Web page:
BioCell Collagen® is a clinically studied dietary supplement ingredient comprised of a complex matrix of primarily collagen type II peptides, chondroitin sulfate and hyaluronic acid. BioCell Collagen is clinically shown to promote active joints, youthful-looking skin, and healthy connective tissues. Various studies including seven human clinical trials support the safety, efficacy and bioavailability of BioCell Collagen. BioCell Collagen is self-affirmed GRAS (Generally Recognized As Safe), is non-GMO and free of gluten, soy, shellfish, fish, egg, milk, peanuts and sugar. BioCell Collagen is only made in the USA and Germany. For more information, visit
http://www.BioCellCollagen.com

BioCell Technology

Related Hyaluronic Acid Articles:

Control of the fatty acid synthase
Max Planck researchers discover first protein that regulates fatty acid synthase
Alzheimer's: Can an amino acid help to restore memories?
Scientists at the Laboratoire des Maladies Neurodégénératives (CNRS/CEA/Université Paris-Saclay) and the Neurocentre Magendie (INSERM/Université de Bordeaux) have just shown that a metabolic pathway plays a determining role in Alzheimer's disease's memory problems.
New study indicates amino acid may be useful in treating ALS
A naturally occurring amino acid is gaining attention as a possible treatment for ALS following a new study published in the Journal of Neuropathology & Experimental Neurology.
Acid reflux affects nearly a third of US adults weekly
Gastroesophageal reflux disease (GERD), a digestive disorder that causes hearburn and other uncomfortable symptoms, may affect nearly a third of US adults each week, and most of those who take certain popular medications for it still have symptoms, according to a new Cedars-Sinai study.
How plants synthesize salicylic acid
The pain-relieving effect of salicylic acid has been known for thousands of years.
Does weight loss surgery help relieve acid reflux?
Individuals who are obese often experience heartburn and other symptoms of acid reflux.
Nitric acid and ammonia electrosynthesis
The commercial synthesis methods for HNO3 and NH3 chemicals is Ostwald and Haber-Bosch process, respectively, but both of them are energy-intensive and high-emission.
Turning a porous material's color on and off with acid
Stable, color-changing compound shows potential for electronics, sensors and gas storage.
Erucic acid
Erucic acid occurs in vegetable oils and fats. It is a natural component of plant seeds of the Brassicaceae family (crucifers such as rape and mustard).
Light-induced modification of a carboxylic acid with an aminocyclopropenone
Researchers at Kanazawa University report in The Journal of Organic Chemistry that carboxylic acids, functional groups contained in biomolecules, drugs, and materials can be readily modified by light-induced organic reactions using an aminocyclopropenone.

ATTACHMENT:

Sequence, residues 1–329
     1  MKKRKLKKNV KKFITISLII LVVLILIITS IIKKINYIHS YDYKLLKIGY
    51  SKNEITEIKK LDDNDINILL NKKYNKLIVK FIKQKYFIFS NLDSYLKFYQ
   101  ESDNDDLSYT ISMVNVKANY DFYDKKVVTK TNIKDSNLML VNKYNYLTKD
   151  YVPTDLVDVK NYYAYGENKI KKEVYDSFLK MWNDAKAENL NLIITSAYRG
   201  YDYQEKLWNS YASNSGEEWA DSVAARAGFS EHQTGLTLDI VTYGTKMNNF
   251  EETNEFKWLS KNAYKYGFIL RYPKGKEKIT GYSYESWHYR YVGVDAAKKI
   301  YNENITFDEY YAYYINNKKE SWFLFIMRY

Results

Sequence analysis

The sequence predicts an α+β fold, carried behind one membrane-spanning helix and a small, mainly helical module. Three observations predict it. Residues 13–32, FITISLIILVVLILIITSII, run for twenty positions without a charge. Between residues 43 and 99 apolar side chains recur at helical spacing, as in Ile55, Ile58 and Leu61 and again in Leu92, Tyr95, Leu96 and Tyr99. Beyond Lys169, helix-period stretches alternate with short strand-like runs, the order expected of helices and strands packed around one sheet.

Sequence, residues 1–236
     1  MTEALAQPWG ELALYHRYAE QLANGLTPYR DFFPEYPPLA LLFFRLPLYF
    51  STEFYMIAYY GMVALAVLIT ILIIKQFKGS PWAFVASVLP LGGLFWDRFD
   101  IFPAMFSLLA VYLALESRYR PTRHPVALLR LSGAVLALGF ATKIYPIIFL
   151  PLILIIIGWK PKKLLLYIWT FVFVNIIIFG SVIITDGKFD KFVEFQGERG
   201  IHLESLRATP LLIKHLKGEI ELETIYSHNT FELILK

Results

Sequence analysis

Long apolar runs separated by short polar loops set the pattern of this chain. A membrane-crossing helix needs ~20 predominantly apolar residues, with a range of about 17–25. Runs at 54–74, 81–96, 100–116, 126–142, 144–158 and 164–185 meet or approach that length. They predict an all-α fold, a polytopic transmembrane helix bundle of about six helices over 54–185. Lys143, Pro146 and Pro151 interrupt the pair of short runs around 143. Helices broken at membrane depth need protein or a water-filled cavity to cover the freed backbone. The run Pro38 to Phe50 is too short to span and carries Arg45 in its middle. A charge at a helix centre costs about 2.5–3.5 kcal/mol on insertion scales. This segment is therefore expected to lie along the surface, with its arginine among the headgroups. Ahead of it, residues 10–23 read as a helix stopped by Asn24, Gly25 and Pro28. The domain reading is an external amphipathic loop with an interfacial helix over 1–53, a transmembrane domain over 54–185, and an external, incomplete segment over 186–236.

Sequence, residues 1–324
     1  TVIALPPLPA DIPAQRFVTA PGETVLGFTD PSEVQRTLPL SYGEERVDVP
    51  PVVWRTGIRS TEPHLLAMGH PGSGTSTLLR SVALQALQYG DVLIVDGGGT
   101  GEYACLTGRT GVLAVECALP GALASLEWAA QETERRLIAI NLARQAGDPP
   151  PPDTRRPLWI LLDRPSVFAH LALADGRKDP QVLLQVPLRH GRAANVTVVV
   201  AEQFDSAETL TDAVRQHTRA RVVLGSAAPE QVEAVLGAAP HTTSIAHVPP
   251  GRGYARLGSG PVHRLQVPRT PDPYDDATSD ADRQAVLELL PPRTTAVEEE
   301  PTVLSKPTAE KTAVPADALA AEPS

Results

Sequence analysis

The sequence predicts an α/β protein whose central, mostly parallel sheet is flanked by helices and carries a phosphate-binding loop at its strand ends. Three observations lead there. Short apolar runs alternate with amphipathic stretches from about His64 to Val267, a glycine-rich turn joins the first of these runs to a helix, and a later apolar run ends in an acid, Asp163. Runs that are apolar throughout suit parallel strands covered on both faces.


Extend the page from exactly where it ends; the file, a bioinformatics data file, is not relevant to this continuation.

More Hyaluronic Acid News and Hyaluronic Acid Current Events

Trending Science News

Current Coronavirus (COVID-19) News

Top Science Podcasts

We have hand picked the top science podcasts of 2020.
Now Playing: TED Radio Hour

Listen Again: The Biology Of Sex
Original broadcast date: May 8, 2020. Many of us were taught biological sex is a question of female or male, XX or XY ... but it's far more complicated. This hour, TED speakers explore what determines our sex. Guests on the show include artist Emily Quinn, journalist Molly Webster, neuroscientist Lisa Mosconi, and structural biologist Karissa Sanbonmatsu.
Now Playing: Science for the People

#569 Facing Fear
What do you fear? I mean really fear? Well, ok, maybe right now that's tough. We're living in a new age and definition of fear. But what do we do about it? Eva Holland has faced her fears, including trauma and phobia. She lived to tell the tale and write a book: "Nerve: Adventures in the Science of Fear".
Now Playing: Radiolab

Uncounted
First things first: our very own Latif Nasser has an exciting new show on Netflix. He talks to Jad about the hidden forces of the world that connect us all. Then, with an eye on the upcoming election, we take a look back: at two pieces from More Perfect Season 3 about Constitutional amendments that determine who gets to vote. Former Radiolab producer Julia Longoria takes us to Washington, D.C. The capital is at the heart of our democracy, but it's not a state, and it wasn't until the 23rd Amendment that its people got the right to vote for president. But that still left DC without full representation in Congress; D.C. sends a "non-voting delegate" to the House. Julia profiles that delegate, Congresswoman Eleanor Holmes Norton, and her unique approach to fighting for power in a virtually powerless role. Second, Radiolab producer Sarah Qari looks at a current fight to lower the US voting age to 16 that harkens back to the fight for the 26th Amendment in the 1960s. Eighteen-year-olds at the time argued that if they were old enough to be drafted to fight in the War, they were old enough to have a voice in our democracy. But what about today, when even younger Americans are finding themselves at the center of national political debates? Does it mean we should lower the voting age even further? This episode was reported and produced by Julia Longoria and Sarah Qari. Check out Latif Nasser's new Netflix show Connected here. Support Radiolab today at Radiolab.org/donate.